Britain mustn't forget the lessons learned last winter on the pitfalls of relying on gas to heat and power our homes and businesses. Our best bet to beat the global energy crisis and cut Britons’ bills is to get on with liberating onshore wind in the planning process and keep up tax relief to help it thrive.
There is a pressing need to deploy more low-carbon power sources to cut energy bills. As one of the cheapest and fastest electricity sources to deploy, onshore wind stands out as an over-regulated, untapped resource of renewable generation that can help reduce our reliance on gas while cutting emissions.
Development cannot afford to wait: failure to build more onshore wind is costing Britons £5.1 billion a year on their energy bills. It will risk continued pain for households’ choice between heating and eating each winter as the gas squeeze shows no signs of abating.
The tax relief on renewables investment in plants and machinery introduced in the Spring Budget - ‘full capital expensing’ - was an encouraging step in the right direction. It should be made permanent to allow the British renewables industry enough time and space to take off and grow sufficiently to meet our net zero targets.
As well as capital expensing, the government promised to consult on the planning rules for onshore wind as part of its flagship Levelling Up and Regeneration Bill. As it stands, there is currently a de facto ban on the technology, brought in after 2015 in the face of community backlash over lack of engagement in the development process for generation sites.
The aim was right - giving communities a say in what gets built in their area, as opposed to designating sites top-down from national government - but the actual result has bent the rules backwards in the other direction. Just two onshore wind turbines were built in England last year, and only one is set to be built this year. Current planning rules mean even if a community wants onshore wind in their area - and polling shows that most conservative voters do - the objections of one resident can block the application and put paid to their neighbours’ wishes for cheap, clean electricity.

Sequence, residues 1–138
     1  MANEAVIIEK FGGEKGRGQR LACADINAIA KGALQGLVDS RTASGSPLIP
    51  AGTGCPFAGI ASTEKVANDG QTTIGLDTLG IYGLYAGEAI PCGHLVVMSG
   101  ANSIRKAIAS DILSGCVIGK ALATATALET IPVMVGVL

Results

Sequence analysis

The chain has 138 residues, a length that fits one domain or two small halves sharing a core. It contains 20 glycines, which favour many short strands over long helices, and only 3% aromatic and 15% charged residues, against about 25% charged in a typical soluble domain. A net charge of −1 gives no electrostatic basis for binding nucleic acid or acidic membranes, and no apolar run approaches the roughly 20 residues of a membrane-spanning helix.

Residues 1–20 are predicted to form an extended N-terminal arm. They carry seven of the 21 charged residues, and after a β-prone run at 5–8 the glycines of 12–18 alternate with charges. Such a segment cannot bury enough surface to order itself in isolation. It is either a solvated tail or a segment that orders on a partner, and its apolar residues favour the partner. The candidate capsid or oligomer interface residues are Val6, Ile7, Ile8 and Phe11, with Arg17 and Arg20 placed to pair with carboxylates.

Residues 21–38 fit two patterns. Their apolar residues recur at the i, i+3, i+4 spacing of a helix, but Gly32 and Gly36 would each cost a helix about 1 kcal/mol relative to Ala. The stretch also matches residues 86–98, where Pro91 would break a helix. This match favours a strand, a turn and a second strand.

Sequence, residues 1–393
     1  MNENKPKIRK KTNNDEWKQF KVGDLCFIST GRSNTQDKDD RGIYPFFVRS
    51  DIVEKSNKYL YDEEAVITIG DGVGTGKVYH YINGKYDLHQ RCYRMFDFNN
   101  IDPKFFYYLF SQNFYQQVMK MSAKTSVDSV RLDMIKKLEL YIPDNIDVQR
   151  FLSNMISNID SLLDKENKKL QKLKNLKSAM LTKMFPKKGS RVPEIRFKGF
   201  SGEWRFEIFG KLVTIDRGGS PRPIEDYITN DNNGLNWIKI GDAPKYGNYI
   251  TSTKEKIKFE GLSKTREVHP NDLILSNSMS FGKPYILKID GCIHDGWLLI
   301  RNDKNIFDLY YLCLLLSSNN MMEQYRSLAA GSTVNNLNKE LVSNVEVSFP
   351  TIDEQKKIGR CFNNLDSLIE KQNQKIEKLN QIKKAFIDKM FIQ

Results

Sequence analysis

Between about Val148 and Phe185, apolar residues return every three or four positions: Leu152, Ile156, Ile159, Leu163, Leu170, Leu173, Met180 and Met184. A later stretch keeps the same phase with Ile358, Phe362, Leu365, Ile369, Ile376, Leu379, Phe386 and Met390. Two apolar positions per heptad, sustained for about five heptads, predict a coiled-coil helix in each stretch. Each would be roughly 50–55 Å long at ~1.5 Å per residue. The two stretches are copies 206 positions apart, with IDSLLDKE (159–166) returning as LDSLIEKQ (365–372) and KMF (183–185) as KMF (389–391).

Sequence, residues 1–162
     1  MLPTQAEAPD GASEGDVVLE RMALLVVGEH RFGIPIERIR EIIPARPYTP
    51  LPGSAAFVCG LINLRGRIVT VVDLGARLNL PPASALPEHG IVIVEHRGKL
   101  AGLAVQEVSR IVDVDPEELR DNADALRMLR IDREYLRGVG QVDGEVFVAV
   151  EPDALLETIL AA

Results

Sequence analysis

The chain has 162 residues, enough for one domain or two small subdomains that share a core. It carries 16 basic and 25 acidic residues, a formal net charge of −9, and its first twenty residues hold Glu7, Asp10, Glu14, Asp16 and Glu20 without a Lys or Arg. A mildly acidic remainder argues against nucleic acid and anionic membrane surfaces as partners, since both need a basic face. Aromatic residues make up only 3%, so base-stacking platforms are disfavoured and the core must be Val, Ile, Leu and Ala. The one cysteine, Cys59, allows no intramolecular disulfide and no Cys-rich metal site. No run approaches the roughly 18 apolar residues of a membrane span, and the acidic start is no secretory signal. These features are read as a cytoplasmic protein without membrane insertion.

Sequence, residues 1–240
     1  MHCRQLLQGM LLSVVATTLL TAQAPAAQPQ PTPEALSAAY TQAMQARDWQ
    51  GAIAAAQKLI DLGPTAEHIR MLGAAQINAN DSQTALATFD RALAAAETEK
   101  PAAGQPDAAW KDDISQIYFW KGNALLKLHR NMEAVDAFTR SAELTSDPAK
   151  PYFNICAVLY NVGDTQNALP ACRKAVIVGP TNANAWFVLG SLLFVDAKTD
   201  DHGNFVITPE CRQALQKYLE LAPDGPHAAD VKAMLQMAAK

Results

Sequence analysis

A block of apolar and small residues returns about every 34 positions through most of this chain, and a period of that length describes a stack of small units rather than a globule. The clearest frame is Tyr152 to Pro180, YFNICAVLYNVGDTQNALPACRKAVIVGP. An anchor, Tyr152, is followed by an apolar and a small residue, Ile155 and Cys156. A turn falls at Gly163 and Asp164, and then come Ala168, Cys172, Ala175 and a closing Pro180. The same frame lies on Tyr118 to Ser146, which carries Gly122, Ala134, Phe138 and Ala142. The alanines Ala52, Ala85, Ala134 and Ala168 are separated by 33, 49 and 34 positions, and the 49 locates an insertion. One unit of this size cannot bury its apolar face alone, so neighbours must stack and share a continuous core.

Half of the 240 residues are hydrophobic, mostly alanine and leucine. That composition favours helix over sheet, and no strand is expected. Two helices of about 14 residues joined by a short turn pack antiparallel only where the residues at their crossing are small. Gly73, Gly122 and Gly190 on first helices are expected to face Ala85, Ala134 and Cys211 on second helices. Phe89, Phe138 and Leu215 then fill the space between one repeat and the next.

More relaxed planning rules would help create a market for onshore wind by making it more viable for developers. It is important that the rules do not again bend too far the other way; suggestions to designate onshore wind generation sites as ‘nationally significant infrastructure projects’, thus overriding local authorities, risk putting us back to square one on community support.
The government committed to consult on the National Planning Policy Framework rules for onshore wind; a proactive rule change would make it easier for communities to voice their support and get generation sites where they want them. The government response - with a release of the updated NPPF to boot - has been slated for ‘Spring 2023’. A second consultation on what community benefits for onshore wind could look like is set to finish in early July.
Regardless of the middle-ground approach the government chooses to take in responding to these consultations, it needs to do so without delay to allow sites to start attracting investment and get the ball rolling on growing the sector.
The government must enact measures like these to cut our reliance on gas traded on volatile international markets. Failing to grasp onshore wind power's ability to cut bills and emissions will continue exposing British families and businesses to costly gas imports.
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